Improving the Emacs integration in Windows

I was trying to make Windows a little more Emacs-friendly (or was it the other way around?). First step was to enable the emacs server in my .emacs so I could make use of Emacs for quick and dirty editing tasks that require an editor better than Notepad but where the average Emacs startup time was just a little too long to make Emacs a viable alternative. A typical example would be to use Emacs as the editor for commit messages in Mercurial. A quick tweak of my global .hgrc provided me with an appropriate editor setting:

           ... other settings ...
  editor = C:\Emacsen\emacs-24.1\bin\emacsclientw.exe -c

Please note that there are no quotation marks around the emacsclientw command line, adding them will result in an error message rather than an Emacs frame. Guess how I found that out. I would also suggest to extend the command line to include the “alternate editor” parameter -a to either start Emacs or another editor if there is no Emacs server running. Given that I tend to start Emacs right after I start the browser and the email client on most machines, this would be an unnecessarily cluttered command line for my use.

I also set up Emacs as an external editor from Visual Studio as described in this blog post, so now I can hit Tools/Edit in Emacs from Visual Studio 2012. Hooray! The only tweak I made to the emacsclientw invocation described in the blog post was to make “+$(CurLine)” the first parameter of the emacsclient invocation. That way, the Emacs cursor position is synchronised with the cursor position in Visual Studio at the time you invoked “Edit in Emacs”.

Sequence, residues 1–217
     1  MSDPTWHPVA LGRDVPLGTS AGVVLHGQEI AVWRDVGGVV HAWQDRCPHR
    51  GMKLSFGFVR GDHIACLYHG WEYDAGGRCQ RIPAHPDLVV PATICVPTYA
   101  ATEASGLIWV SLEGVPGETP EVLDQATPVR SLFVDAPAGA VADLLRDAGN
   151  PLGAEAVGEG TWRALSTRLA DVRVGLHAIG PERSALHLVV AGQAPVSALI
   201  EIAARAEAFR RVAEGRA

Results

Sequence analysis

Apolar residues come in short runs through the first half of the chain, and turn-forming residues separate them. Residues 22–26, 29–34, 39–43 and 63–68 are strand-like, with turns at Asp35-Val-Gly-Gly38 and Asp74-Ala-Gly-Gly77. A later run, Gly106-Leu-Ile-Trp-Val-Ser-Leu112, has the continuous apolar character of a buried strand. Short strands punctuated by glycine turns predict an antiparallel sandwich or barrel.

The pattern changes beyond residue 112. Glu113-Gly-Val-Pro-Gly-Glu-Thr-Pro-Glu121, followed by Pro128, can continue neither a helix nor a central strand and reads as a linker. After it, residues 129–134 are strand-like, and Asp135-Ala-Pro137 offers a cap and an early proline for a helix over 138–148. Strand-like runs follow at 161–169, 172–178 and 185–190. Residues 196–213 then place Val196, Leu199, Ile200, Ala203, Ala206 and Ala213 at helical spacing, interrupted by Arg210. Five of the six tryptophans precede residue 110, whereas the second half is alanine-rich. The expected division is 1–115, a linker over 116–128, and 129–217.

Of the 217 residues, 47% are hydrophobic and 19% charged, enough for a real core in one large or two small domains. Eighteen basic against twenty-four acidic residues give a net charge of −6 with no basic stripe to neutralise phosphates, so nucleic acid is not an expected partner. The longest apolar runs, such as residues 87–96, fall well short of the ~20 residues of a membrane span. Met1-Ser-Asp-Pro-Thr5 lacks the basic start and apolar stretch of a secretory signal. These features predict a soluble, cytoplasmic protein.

The stuff you find when you’re moving home

Happy New Year to all readers.

I’ve been blogging even less recently as we’ve just moved house but unpacking all the boxes meant that I came across one of my favourite magazines:



German readers of this blog (are there any) might recognise the magazine – it’s the first issue of “c’t”, a magazine that is still going on strong almost thirty years later. The issue above is dated November/December 1983 and has moved house (and continents) with me a fair number of times.

And yes, I’m still subscribing to c’t these days, although there are fewer articles in it that require a soldering iron.